Emma Forrester, was born in Stoke-on-Trent, England, home of the pottery industry, to a family with a strong relationship to ceramics. She later moved to Liverpool to attend Liverpool University, where she graduated with honors in 1993 with a double major in Fine Arts and English Literature.
After graduating, she worked in various theater production companies, such as West End or Royal Opera House, as a set design artist, before realizing she wanted to focus on her own art and her own exhibitions. Today, she lives in London, and works in her studio at Wimbledon Art Studios. Her time working as a set designer and her admiration for the textiles on Matisse’s work, have greatly influenced her expressive style of painting, in which her works have theatrical components full of unique patterns and impressionist applications of colour. Recently, she has been interested in portraying everyday objects, such as tea cups or other home appliances, yet her representation defies our traditional perception of them. Her paintings, most of the time, follow a repetition of patterns in both the objects themselves as well as the background, bringing harmony and balance into her work, while also making them one dimensional planes that categorize her paintings as abstract.
Emma Forrester, has extensively exhibited throughout the UK and internationally through art fairs all the way to Singapore and New York City, however she regularly exhibits with “Carina Haslam Gallery” and with “No Naked Walls Chertsey & Bramley”. In addition, her work as an artist was further recognized when she won the “Dry Red Press award” at the Royal Watercolour Society, Contemporary Watercolour competition” organized by Bankside Gallery. Forrester’s unique work continues to be admired locally and internationally, while she further pursues and develops her artistic career.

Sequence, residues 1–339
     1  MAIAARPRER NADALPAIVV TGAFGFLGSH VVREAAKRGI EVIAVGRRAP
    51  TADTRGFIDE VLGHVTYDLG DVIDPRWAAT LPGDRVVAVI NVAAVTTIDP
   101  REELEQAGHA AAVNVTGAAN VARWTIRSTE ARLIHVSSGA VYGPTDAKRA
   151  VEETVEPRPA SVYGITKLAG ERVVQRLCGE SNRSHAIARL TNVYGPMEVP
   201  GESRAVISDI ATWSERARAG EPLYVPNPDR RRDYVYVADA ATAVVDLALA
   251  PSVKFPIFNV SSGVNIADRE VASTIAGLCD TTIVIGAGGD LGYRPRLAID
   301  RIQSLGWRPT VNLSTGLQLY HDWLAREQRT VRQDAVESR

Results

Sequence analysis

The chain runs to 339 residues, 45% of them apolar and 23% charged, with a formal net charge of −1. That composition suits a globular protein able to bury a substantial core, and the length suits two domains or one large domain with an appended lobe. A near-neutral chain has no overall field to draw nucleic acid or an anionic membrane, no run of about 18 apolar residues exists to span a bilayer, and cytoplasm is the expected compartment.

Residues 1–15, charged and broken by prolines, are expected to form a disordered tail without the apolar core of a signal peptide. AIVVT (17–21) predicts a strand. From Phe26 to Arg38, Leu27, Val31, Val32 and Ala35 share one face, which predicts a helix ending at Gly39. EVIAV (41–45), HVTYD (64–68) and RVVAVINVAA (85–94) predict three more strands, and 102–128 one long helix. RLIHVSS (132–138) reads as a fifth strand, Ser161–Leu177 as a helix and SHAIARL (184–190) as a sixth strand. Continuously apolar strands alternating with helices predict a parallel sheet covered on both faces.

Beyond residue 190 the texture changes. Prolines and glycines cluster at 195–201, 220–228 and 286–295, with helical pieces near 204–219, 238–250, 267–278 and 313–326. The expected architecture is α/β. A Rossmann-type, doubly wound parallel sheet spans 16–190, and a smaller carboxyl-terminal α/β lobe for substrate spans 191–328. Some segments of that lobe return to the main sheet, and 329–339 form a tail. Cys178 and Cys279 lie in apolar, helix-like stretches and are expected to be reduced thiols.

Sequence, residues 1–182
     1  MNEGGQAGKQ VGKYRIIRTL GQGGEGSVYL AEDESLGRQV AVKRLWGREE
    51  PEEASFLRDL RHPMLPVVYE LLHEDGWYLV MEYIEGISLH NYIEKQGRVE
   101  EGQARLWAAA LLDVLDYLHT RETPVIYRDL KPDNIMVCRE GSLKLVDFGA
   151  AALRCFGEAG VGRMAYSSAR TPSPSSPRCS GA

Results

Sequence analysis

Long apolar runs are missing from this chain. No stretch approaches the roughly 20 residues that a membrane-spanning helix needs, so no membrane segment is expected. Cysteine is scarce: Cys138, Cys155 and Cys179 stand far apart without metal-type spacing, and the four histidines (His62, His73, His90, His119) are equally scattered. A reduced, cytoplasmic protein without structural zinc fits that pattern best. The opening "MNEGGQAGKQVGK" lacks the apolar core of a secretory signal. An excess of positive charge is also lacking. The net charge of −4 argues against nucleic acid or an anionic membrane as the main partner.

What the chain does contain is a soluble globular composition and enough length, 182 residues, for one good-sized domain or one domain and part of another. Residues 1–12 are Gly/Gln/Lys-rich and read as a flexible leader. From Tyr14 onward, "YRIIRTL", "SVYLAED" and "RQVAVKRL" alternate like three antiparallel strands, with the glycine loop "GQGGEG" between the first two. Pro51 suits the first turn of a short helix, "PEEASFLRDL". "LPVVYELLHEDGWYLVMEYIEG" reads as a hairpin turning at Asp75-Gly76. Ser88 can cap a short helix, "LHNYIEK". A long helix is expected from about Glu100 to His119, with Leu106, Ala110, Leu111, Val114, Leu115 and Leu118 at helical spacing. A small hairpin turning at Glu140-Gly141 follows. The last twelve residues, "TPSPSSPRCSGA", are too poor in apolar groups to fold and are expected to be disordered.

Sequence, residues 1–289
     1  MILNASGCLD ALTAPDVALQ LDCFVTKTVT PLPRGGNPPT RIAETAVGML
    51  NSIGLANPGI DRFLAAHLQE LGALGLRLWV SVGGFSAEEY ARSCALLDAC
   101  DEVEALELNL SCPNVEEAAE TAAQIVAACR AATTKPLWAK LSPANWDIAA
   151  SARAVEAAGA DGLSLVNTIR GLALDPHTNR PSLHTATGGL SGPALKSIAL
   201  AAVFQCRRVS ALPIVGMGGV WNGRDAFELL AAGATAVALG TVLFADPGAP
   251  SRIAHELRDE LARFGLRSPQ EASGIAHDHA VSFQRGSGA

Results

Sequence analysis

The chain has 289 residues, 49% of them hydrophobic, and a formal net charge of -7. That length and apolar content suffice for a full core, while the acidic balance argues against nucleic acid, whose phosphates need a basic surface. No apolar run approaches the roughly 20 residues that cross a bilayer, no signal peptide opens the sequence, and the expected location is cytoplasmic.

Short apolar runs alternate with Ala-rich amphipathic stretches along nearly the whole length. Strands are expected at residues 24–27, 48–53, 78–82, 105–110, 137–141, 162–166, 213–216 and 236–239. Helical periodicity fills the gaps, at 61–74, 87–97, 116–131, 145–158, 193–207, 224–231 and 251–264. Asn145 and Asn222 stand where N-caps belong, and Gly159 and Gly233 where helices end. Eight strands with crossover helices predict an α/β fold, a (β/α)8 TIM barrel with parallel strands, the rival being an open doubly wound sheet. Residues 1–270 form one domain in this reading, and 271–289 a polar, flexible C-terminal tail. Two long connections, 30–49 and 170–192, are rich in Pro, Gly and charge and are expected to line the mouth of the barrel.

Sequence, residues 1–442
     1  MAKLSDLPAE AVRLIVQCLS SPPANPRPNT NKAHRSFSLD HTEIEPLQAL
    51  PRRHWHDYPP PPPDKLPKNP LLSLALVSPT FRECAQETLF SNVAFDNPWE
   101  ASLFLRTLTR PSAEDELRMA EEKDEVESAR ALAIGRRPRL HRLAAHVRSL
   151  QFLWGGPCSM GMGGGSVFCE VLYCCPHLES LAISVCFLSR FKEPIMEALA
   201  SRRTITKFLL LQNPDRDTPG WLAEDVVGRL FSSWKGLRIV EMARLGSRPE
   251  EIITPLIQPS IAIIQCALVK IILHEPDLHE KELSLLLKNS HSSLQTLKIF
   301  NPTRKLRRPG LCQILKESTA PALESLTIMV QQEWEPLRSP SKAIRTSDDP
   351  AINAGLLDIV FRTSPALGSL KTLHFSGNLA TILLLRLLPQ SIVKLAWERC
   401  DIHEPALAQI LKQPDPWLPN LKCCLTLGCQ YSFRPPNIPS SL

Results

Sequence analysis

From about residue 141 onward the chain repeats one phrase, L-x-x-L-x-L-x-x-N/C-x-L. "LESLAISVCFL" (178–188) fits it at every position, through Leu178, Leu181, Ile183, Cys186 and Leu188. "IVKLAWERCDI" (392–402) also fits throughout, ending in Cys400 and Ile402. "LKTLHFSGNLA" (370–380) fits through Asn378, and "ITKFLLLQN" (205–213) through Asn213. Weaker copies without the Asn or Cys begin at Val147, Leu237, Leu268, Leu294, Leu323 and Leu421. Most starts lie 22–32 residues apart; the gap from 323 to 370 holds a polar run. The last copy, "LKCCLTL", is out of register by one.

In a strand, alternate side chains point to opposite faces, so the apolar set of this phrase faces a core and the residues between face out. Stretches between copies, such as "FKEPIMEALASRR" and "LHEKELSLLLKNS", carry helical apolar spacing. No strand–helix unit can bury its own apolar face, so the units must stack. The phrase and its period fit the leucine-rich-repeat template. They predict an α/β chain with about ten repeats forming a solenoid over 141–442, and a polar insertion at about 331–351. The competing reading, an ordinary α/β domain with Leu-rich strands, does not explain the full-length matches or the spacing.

Here some words from the artist about her work, “I am drawn to beautiful forms whether they are man- made or natural. My aim is to show my appreciation of the simple beauty of such objects by their sensitive portrayal in my paintings. In my work I'll often draw and paint the forms many times, scratching and scraping through to previous layers to create a broadly descriptive but beautiful image. My aim is not to ‘copy’ the object in paint, but rather to describe and celebrate what I see with mark making skills that have developed into my personal style as an artist”.